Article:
Online at www. SanJuanMountainsLlamaTreks.com
An avid backpacker since the early 1980s, I discovered llamas in 1997 and have not carried a backpack since!
Initially, I purchased two llamas for personal use. Most of my hiking adventures then took place in the Great Smoky Mountains National Park, on the Tennessee/North Carolina border. We met lots of folks along the trail inquiring if they could rent the llamas. Early on I read what few publications were out there on llamas. One of the best was Stanlynn Daugherty’s Packing with Llamas. After reading the packing history of llamas with the Inca civilization in South America, I felt even more motivated to promote this aspect of their usefulness today.
The idea was planted to develop a llama trekking outfitter service and so I partnered with Lucy Lowe, a local horse outfitter, to purchase English Mountain Llama Treks. It did not take Lucy long to conclude that packing with llamas was really the way to travel in the backcountry. We ran trips in the Blue Ridge and Smoky Mountains of western North Carolina and Tennessee from 2001 until my husband, David Bray, and I relocated to Colorado in 2009. Many of the llamas in our pack string were born and trained on my farm in Tennessee.
After getting settled into southwest Colorado, we realized the magnificent San Juan Mountains were the perfect location to continue llama trekking, so David and I developed San Juan Mountains Llama Treks. I’ve never considered running a llama trekking service as “work.” Since my full-time job is that of a general surgeon, I actually find working and hiking with llamas a tremendous stress outlet! It has been an interesting ride, juggling my often heavy work schedule and being “owned” by a herd of llamas. My real passion has always been exploring the great outdoors and sharing knowledge of wildflowers and nature photography with others. I love introducing folks new to camping to challenging wilderness experiences. What better way to do this than with llamas! The llamas create a lasting impression of the trip for them.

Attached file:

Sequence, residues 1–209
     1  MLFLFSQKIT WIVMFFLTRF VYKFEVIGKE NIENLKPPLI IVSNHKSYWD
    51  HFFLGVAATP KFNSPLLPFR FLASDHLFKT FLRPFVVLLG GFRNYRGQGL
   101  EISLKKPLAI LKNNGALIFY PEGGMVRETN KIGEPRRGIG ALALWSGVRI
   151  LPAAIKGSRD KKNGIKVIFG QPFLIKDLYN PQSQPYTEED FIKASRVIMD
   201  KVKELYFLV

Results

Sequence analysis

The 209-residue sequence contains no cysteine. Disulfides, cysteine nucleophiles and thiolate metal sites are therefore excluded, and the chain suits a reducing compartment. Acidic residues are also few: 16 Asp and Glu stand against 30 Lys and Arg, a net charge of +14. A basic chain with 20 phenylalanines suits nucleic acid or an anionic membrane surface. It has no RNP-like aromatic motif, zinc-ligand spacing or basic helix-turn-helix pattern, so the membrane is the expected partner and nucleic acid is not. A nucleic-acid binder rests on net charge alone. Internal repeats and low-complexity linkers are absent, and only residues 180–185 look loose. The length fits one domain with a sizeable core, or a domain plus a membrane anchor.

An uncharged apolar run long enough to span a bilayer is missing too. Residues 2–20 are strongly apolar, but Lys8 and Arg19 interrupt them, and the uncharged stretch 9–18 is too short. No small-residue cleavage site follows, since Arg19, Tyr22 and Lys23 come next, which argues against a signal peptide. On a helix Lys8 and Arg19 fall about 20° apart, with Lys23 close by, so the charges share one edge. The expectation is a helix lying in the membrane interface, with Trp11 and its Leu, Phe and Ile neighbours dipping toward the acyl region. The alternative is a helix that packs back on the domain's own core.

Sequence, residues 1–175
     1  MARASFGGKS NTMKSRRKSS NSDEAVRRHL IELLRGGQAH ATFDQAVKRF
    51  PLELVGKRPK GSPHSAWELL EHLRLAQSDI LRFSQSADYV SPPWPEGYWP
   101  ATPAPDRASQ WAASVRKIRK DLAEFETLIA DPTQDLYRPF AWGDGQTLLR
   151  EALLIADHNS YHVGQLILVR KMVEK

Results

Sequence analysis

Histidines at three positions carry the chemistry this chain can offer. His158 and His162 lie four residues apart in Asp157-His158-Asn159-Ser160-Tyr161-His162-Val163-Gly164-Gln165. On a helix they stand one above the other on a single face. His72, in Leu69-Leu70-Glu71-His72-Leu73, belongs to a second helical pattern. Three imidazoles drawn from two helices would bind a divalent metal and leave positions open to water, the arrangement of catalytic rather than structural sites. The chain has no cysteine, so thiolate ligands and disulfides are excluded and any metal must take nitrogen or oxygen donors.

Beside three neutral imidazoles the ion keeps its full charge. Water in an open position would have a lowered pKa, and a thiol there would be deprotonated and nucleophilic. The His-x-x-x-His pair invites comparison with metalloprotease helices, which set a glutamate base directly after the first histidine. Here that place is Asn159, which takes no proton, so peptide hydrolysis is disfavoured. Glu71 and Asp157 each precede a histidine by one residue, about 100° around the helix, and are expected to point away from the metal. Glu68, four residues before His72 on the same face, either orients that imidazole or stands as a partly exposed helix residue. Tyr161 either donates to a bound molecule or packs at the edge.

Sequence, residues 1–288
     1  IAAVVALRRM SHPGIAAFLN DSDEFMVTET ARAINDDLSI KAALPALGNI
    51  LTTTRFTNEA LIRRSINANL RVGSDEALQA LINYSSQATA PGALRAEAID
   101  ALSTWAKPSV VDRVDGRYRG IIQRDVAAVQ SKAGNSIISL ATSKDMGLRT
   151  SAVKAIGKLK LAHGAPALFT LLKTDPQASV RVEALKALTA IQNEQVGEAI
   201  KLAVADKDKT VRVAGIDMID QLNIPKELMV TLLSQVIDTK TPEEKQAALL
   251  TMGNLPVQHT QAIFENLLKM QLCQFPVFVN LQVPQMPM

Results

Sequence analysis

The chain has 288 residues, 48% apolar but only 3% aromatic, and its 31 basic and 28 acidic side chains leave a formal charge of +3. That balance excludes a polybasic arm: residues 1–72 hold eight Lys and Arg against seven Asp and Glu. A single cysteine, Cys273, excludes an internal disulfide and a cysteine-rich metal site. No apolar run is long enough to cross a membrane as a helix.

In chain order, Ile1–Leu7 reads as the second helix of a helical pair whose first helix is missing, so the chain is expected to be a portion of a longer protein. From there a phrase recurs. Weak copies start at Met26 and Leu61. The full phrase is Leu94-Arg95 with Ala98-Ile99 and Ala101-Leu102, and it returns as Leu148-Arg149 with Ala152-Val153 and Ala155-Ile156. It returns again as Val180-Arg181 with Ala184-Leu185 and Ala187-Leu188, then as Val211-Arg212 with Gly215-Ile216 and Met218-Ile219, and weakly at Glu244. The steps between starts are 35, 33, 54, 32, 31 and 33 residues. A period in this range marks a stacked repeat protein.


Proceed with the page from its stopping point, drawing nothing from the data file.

In addition to low impact on the environment, the appeal of the llama for me is their gentle disposition and, in most cases, ease of training. We currently have a small herd of sixteen llamas, eight full-time packers consisting of gelded and intact males, three retired packers, and five females. Our last three breedings have produced some very nice female crias who will hopefully be trained to pack. We pack primarily with Ccara llamas. Our breeding program was developed to replenish our pack string. I have reluctantly sold only two llamas in my career; the others have lived out their lives on our ranch.
We offer day trips with lunch, multiple overnight trips, and drop camps. A new feature we added last year for folks who desire more “luxurious” camping accommodations is a llama shuttle service into a remote mountain cabin accessible only by foot traffic. The cabin sits on the edge of a high alpine meadow at over 11,000 feet elevation with commanding views of the surrounding peaks.
It is difficult to summarize fifteen years of llama packing into a few paragraphs. It’s been a great adventure for me and the llamas!